Innoscience Places Big Bet on GaN-on-Si
Innoscience Technology is hoping to make big waves in the Gallium Nitride (GaN) industry by fabricating 200mm (8") GaN-on-Si wafers and massively expanding their processing capacity.
GaN Industry Growing Quickly, but the Wafers Remain Small
In an industry analysis report released May 2021, Yole Développement forecast that the GaN market would grow rapidly in the coming years. Specifically, they estimated an astounding 86% CAGR from 2020 to 2026 for GaN-on-Si. Notably, the analysis stated “the transition to 6" is ongoing and expected to accelerate in the coming years.”
Considering that the silicon industry transitioned from 6” (150 mm) diameter wafers to 8” (200 mm) diameter wafers in the early 1990s, hearing that the GaN industry would be accelerating its transition to 6” sounds almost archaic. And, of course, the silicon industry has since moved on to 12” (300 mm) wafers for its highest volume manufacturing.
Silicon industry wafer diameter evolution. GaN remains primarily on 6" (150 mm) wafers. Image courtesy of Any Silicon
Manufacturing of wide bandgap materials like GaN has lagged well behind Si. Even today that manufacturing is done primarily on 4” and 6” wafers using older production tools. This has created a bit of a paradoxical problem. The demand for GaN has remained low because the costs are high due to those small wafers and the typically poorer yield on the older tools. And, without sufficient demand, there also wasn’t much investment to migrate GaN manufacturing to 8” wafers and help drive down those costs.
A Big Gamble on Bigger Wafers: 8” GaN-on-Si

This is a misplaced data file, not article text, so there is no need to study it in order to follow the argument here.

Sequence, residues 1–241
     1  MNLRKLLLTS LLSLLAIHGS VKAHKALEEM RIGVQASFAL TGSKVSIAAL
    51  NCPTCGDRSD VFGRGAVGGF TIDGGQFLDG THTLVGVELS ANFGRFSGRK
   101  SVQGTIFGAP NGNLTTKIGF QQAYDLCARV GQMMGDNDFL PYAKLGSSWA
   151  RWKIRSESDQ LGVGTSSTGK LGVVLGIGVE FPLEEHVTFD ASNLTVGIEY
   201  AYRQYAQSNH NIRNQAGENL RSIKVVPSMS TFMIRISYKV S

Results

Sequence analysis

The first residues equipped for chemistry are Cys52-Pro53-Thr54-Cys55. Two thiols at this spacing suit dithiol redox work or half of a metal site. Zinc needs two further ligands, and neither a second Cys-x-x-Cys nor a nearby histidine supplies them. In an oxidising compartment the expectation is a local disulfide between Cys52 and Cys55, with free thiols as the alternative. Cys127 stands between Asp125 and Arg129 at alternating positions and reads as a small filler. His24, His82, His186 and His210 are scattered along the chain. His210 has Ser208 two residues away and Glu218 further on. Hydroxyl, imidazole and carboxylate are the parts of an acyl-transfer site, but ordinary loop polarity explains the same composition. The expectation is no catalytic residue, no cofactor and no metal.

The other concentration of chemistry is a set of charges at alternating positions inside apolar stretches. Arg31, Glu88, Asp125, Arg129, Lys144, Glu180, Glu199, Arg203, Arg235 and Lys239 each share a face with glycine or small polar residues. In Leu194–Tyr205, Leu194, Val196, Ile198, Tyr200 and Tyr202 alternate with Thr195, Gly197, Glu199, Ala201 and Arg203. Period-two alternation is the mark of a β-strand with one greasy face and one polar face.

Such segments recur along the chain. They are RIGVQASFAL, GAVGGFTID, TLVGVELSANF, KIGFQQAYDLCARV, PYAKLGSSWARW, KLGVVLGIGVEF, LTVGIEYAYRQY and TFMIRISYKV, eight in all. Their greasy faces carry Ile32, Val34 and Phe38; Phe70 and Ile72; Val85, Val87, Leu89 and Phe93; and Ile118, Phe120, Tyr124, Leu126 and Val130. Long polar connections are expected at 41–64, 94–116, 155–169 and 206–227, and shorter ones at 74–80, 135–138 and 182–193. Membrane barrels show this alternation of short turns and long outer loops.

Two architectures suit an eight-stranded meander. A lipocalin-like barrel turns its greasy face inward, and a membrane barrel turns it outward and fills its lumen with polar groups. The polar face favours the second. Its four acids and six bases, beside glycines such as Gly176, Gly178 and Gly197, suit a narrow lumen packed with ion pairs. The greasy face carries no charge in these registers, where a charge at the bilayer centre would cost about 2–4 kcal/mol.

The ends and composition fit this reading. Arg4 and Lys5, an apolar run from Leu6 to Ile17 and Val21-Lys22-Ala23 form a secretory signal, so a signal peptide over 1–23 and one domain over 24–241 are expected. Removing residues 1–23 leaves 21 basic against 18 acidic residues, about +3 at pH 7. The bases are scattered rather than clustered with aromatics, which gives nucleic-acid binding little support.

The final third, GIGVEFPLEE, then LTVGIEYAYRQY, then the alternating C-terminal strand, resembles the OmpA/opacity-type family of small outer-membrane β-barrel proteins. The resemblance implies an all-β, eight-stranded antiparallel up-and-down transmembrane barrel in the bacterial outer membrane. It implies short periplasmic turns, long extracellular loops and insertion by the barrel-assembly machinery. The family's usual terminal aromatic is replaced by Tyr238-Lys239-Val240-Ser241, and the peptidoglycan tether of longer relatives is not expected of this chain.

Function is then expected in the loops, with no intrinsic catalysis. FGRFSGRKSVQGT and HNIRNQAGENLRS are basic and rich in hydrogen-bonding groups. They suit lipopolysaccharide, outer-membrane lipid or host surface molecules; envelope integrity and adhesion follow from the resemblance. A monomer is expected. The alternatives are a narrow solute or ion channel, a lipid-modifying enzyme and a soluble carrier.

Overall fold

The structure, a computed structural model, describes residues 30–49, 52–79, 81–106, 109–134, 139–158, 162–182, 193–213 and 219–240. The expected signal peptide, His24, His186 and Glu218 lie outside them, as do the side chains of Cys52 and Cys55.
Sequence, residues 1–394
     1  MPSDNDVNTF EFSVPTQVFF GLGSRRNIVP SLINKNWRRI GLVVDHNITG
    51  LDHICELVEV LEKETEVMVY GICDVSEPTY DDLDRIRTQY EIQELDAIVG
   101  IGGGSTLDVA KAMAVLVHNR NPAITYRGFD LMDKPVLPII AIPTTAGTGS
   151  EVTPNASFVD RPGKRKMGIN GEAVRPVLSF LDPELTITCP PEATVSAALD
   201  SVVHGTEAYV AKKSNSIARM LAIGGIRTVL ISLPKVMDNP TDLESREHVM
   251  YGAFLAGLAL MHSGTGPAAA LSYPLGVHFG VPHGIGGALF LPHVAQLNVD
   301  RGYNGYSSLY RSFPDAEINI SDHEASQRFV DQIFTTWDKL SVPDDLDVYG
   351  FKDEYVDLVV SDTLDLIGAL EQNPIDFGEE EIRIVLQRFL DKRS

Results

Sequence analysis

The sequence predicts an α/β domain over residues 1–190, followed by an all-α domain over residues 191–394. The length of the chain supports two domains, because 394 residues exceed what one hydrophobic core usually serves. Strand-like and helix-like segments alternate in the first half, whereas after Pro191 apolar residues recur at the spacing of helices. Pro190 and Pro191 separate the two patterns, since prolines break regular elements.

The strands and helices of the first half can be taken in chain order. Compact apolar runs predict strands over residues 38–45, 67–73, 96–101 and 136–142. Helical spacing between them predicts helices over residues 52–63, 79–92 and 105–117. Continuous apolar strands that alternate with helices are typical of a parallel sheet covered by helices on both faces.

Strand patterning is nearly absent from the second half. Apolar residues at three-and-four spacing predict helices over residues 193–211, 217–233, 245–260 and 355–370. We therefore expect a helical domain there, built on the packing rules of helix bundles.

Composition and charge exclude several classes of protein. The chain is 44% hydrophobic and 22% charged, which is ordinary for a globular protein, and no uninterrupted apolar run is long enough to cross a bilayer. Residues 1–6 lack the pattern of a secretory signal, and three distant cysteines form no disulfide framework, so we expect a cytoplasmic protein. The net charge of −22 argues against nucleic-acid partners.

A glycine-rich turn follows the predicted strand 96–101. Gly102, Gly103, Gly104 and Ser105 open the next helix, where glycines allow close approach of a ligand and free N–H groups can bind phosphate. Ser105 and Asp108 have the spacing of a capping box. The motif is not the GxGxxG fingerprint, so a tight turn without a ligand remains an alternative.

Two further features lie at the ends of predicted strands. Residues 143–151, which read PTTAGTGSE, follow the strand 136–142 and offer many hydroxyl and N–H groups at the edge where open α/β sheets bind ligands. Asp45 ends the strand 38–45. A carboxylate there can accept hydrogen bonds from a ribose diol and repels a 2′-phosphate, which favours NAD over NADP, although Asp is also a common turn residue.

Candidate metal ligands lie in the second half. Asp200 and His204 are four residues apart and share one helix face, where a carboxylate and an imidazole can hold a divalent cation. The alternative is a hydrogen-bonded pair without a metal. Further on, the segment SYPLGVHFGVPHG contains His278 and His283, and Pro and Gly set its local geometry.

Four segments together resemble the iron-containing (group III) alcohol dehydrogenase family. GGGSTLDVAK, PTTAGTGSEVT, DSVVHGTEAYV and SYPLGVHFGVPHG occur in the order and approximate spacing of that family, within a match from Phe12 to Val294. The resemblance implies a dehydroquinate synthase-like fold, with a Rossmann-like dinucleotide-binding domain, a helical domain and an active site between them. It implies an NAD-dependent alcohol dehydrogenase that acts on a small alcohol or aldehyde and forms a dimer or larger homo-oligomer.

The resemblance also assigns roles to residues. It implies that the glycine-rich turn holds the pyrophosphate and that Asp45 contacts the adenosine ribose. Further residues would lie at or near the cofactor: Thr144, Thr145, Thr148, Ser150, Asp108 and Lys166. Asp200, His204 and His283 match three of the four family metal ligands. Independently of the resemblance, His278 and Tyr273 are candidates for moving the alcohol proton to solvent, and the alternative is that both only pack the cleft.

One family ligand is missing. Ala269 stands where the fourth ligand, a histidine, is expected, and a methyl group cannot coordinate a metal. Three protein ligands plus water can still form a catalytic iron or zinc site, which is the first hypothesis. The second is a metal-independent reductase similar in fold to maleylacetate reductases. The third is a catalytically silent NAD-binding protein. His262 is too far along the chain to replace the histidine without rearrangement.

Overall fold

For a company that is barely 6 years old and less than 3 years removed from its first volume production, Innoscience Technology is investing heavily in the Gallium Nitride (GaN) industry. EETech Media’s Director of Engineering, Dale Wilson, recently sat down with Dr. Denis Marcon, the General Manager for Innoscience Europe, to discuss their GaN e-HEMT technology and future plans.
In December of 2015, Innoscience was founded with the express goal of building GaN-on-Si 8” wafers. They were betting on both the technology and the market. For the technology, moving to 8” wafers would provide the obvious advantage of nearly 2X more die per wafer than 6” wafers. But, as noted by Marcon in our discussion, moving to 8” wafer manufacturing also allowed them to take advantage of the decades of advancements in wafer processing technology made by the silicon industry.
The silicon industry had already figured out how to maximize wafer throughput and yield while minimizing process variation. By investing in 200mm tools from leading manufacturers like ASML, Innoscience could improve both their throughput and yield. They were all in on GaN-on-Si at 8” when “the market was still hesitant on GaN.”
Today, Innoscience claims to be the world’s largest 8-inch Integrated Device Manufacturer (IDM) focused solely on GaN technology. Marcon stated that Innoscience currently has over 1400 employees and that over 300 of those are focused on R&D. But, likely due to a combination of being headquartered in Suzhou, China (near Shanghai) and the company’s youth, Innoscience Technology is still a relative unknown in the GaN industry. In an effort to expand their global presence, in January of 2022, they announced the addition of design and sales support facilities in Leuven, Belgium and Santa Clara, California.